MalariaTyphoid fever(T) MeaslesTyphus fever(T) Meningitis * (T)Viral haemorrhagic fever(T) Meningococcal septicaemia(T)Viral hepatitis ** (without meningitis) MumpsWhooping cough Opthalmia neonatorumYellow fever * meningococcal, pneumococcal, haemophilus influenzae, viral, other specified, unspecified ** Hepatitis A, Hepatitis B & Hepatitis C, other (T)Please notify the Consultant in Communicable Disease Control or person on call for the Health Protection Agency by telephone. Other specific diseases are designated by the Reporting of Injuries, Diseases and Dangerous Occurrences Regulations 1995 as “Reportable Occupational Diseases” e.
g. Legionellosis. Please contact the Health & Safety Team for further information (see section 5 for details). 1. 3 NOTIFICATION OF INFECTIOUS DISEASES – cont. Notification of suspected outbreaks An outbreak is defined as two or more cases of a condition related in time and location with suspicion of transmission. Prompt investigation of an outbreak and introduction of control measures depends upon early communication. Suspicion of any association between cases should prompt contact with the Health Protection Agency. 1. 4 IMMUNISATION
COSHH requires that if a risk assessment shows there to be a risk of exposure to biological agents for which vaccines exist, then these should be offered if the employee is not already immune. In practice, with Social Care Services, this generally amounts to care staff within the Mental Health and Learning Disabilities Services being offered Hepatitis B vaccination. Care home managers, after assessing risks, may also offer ‘flu vaccination to staff and individual cases may indicate the need for immunisation in certain circumstances. The pros and cons of immunisation/non-immunisation should be explained when making the offer of immunisation.
The Health & Safety at Work Act 1974 requires that employees are not charged for protective measures such as immunisation. A few GPs will make vaccinations available free to Social Care workers but they are not obliged to do so and can charge at their discretion. Departmental funding for the provision of vaccine, through Occupational Health, is restricted and so it is vital that only those to whom it is essential to provide immunisation are offered this service. The majority of staff will have received immunisation from childhood and have received the appropriate booster doses e. g. Tetanus, Rubella, Measles and Polio.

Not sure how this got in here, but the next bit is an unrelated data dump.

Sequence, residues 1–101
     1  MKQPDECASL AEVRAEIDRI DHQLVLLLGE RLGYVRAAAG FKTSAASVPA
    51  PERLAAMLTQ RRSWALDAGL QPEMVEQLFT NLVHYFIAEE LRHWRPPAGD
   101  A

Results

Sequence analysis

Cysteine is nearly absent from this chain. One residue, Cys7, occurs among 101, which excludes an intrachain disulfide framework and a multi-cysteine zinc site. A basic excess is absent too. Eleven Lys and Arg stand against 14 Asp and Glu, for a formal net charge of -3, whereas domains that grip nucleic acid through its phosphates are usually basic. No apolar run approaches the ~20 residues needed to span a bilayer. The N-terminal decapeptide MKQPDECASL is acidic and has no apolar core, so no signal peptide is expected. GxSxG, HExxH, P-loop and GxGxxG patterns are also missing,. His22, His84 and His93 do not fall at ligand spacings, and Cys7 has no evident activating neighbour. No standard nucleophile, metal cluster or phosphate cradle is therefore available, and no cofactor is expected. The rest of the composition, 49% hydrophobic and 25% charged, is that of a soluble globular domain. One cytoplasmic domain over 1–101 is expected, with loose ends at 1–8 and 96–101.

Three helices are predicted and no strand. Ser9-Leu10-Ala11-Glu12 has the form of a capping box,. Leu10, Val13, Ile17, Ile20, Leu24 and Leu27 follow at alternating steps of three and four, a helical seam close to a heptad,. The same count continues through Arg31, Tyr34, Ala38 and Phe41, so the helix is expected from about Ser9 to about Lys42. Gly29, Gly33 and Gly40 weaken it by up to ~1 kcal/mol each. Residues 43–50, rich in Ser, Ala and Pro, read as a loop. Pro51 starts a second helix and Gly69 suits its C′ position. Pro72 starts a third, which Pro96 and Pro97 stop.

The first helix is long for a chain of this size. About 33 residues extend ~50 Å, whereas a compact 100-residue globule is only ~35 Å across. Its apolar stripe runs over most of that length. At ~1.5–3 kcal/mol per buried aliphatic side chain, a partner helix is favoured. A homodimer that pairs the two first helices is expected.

However, it is important for the immunisation state of staff to be checked e. g. women of childbearing age should be protected against Rubella. Good practice and common sense should indicate that the immunisation state of staff is checked and appropriate action taken. If there is a potential risk of infection, change of work rotas or areas of responsibility can sometimes avoid the risk of contamination. Vaccination is not always the only course of action and in some cases staff may not agree to be vaccinated. 1. 4. 1 IMMUNISATION SCHEDULE Vaccine Age Notes D/T/P and Hib Polio 1st dose at 2 months
2nd dose at 3 months 3rd dose at 4 months Primary Course Measles / Mumps / Rubella (MMR) 12 – 15 months Can be given at any age over 12 months Booster DT and Polio, MMR second dose 3 – 5 years Three years after completion of primary course BCG 10 – 14 years or infancy Only offered to certain high risk groups after an initial risk assessment Booster Tetanus, Diphtheria and Polio 13 – 18 years Children should therefore have received the following vaccines: By 6 months:3 doses of DTP, Hib and Polio By 15 months:Measles / Mumps / Rubella By school entry:4th DT and Polio; second dose of Measles / Mumps / Rubella
Between 10 & 14 years:BCG (certain high risk groups only) Before leaving school:5th Polio and Tetanus Diphtheria (Td) Adults should receive the following vaccines: Women sero-negative Rubella For Rubella: Previously un-immunisedPolio, Tetanus, Diphtheria Individuals: Individuals in high Hepatitis B, Hepatitis A, Influenza risk groups:Pneumonococcal vaccine 1. 5 EXCLUSION FROM WORK The following table gives advice on the minimum period of exclusions from work for staff members suffering from infectious disease (cases) or in contact with a case of infection in their own homes (home contacts).